The Compact on Women, Peace and Security and Humanitarian Action, which currently has over 130 signatories, is more consistent in centering displaced women and girls throughout, including refugees and stateless persons. Building on existing frameworks, the compact offers a list of action items that will be critical to implement if it is to lead to real change for displaced women and girls. This entails addressing discriminatory legal and policy barriers, including those denying refugees economic opportunities in host countries; ensuring humanitarian aid is sensitive to different ages, genders, and disabilities of displaced populations; lifting restrictions on sexual and reproductive health services in foreign assistance; and building inclusive social protection systems in collaboration with humanitarian agencies that provide cash assistance.
The Forum rightly drew criticism for not being accessible to all women and girls, in particular to women and girls with disabilities. Organizations mobilized in solidarity through the Inclusive Generation Equality Collective, as well as an affirmation of feminist principles advocating for stronger inclusion, including of individuals with diverse sexual orientation, gender identity, gender expression and sex characteristics, and affirming that the realization of the human rights of one group must notcome at the cost of the rights of any others.
What's next? Promises made at the Forum must be followed by concrete action.
For starters, pledging entities should ensure the majority of funding goes to diverse feminist movements, including refugee-led women’s rights organizations, and is disbursed transparently. Funding to feminist and grassroots movements, in particular in humanitarian response, is critical to providing them with sustainable resources to bring lasting change. During crises, such as the COVID-19 pandemic, or conflict, refugee-led organizations often provide direct support to affected populations and understand best the needs of their communities. Using existing funding mechanisms such as the Women’s Peace and Humanitarian Fund can help ensure resources go directly to women leaders and their representative organizations, including those facing barriers to their participation in peace processes.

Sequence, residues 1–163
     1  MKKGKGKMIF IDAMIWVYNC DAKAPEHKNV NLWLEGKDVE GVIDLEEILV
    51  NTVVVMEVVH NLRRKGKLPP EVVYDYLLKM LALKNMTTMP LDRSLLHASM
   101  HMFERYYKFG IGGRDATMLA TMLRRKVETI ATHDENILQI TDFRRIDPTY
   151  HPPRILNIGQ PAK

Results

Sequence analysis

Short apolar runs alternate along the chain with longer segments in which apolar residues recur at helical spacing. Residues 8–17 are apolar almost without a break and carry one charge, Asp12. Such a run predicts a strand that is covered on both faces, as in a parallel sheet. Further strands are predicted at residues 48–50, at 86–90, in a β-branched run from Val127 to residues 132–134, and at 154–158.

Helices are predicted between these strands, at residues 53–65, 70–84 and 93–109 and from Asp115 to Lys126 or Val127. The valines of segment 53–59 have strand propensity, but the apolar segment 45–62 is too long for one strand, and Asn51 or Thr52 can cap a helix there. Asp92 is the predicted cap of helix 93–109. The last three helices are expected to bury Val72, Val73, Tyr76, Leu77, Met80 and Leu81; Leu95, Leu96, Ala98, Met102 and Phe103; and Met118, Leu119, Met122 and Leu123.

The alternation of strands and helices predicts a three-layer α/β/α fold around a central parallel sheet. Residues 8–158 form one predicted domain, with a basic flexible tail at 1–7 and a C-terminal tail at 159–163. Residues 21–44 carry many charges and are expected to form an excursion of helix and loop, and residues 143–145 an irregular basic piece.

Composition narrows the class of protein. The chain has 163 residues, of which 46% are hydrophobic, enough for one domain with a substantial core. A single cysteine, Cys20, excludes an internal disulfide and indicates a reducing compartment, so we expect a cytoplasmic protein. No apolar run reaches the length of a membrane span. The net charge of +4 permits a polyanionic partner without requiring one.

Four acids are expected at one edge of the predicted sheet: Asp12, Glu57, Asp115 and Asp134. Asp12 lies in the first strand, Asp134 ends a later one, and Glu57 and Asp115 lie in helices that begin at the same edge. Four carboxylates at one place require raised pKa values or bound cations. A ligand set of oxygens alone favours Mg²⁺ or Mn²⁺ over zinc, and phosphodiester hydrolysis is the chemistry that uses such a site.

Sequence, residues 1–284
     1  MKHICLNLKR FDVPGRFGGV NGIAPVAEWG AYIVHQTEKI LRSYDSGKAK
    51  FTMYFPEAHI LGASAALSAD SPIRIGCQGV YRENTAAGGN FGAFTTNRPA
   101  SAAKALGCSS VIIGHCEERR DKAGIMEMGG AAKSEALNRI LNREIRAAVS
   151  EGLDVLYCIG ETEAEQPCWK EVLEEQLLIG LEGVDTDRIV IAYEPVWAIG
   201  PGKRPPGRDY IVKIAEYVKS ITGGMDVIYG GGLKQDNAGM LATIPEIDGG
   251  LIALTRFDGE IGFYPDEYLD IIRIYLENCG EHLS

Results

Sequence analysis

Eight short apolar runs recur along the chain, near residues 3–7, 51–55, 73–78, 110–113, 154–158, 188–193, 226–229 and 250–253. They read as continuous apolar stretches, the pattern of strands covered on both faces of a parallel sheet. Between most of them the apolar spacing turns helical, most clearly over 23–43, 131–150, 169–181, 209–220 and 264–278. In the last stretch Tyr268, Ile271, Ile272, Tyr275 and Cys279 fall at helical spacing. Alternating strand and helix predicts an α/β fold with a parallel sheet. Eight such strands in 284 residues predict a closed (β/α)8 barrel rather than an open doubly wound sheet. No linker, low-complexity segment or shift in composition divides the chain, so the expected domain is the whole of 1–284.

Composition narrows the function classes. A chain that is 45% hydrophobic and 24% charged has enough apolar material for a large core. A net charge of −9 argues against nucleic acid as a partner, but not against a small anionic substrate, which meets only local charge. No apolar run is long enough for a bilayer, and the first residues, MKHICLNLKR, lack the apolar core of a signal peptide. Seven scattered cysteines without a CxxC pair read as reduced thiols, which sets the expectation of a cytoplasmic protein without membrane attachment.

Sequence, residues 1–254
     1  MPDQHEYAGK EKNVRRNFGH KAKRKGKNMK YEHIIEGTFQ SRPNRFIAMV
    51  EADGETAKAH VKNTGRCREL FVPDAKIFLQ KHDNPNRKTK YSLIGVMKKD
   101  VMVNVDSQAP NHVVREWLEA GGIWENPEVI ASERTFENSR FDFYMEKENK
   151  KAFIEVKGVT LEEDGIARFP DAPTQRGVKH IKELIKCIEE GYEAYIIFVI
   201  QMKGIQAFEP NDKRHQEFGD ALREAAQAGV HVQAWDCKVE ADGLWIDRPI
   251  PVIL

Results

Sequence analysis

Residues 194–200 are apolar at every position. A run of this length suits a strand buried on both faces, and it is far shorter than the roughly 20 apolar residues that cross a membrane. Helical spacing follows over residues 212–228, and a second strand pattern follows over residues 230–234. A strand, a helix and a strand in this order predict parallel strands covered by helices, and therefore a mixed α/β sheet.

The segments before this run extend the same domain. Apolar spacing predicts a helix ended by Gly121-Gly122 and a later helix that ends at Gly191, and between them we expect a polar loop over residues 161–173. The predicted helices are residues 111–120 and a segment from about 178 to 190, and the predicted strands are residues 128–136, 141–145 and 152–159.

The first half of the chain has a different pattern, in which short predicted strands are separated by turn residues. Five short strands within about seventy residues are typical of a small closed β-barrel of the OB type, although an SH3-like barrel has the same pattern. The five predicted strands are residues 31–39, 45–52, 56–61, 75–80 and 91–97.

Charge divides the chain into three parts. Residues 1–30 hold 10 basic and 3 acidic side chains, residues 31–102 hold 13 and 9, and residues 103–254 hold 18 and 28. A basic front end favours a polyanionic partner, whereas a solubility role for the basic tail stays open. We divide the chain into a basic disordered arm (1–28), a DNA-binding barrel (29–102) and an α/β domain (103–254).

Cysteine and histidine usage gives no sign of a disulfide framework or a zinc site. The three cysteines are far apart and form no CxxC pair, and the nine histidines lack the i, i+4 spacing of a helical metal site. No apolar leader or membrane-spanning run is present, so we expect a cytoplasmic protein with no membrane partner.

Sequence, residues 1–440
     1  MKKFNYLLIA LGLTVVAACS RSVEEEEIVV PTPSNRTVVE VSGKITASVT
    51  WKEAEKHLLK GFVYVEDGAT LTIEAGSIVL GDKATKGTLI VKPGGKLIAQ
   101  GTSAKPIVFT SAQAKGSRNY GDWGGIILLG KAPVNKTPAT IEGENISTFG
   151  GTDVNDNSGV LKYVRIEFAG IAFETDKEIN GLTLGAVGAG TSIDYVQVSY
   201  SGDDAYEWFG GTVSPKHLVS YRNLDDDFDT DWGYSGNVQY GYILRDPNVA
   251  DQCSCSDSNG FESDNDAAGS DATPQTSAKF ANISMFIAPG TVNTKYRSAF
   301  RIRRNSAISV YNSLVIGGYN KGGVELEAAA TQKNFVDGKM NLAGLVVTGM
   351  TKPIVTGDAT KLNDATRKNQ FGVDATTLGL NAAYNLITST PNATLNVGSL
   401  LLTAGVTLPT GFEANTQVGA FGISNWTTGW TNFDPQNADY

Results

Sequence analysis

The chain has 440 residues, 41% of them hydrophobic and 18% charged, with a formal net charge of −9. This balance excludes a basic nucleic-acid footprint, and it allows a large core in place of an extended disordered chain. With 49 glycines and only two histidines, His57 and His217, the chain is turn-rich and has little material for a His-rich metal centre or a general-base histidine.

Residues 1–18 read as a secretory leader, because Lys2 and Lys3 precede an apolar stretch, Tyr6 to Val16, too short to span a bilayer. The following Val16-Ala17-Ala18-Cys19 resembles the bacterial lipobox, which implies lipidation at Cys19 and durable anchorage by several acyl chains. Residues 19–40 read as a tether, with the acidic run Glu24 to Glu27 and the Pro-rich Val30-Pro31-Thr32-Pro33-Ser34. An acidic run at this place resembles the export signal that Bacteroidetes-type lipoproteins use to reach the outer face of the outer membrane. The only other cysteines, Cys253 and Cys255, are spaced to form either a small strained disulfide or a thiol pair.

Commitments are important and it was promising to see major humanitarian donors, like the United States, renew their support for initiatives such as Safe from the Start and the Call to Action on Protection from Gender-Based Violence in Emergencies. But pledges alone do not let governments off the hook from fully implementing their obligations under human rights law, refugee law, and international humanitarian law, as well as UN Security Council resolutions on women, peace, and security.
Twenty years after the adoption of Resolution 1325, which called for women’s full, equal, and meaningful participation, the UN must finally make the direct participation of women a requirement in all UN-led and co-led peace processes. Concrete steps outlined in the roadmap by the NGO Working Group on Women, Peace and Security are still waiting to be implemented and are as urgent as ever with increasing attacks against women speaking out for peace and justice.
Generation equality means gender justice for all, including displaced women and girls.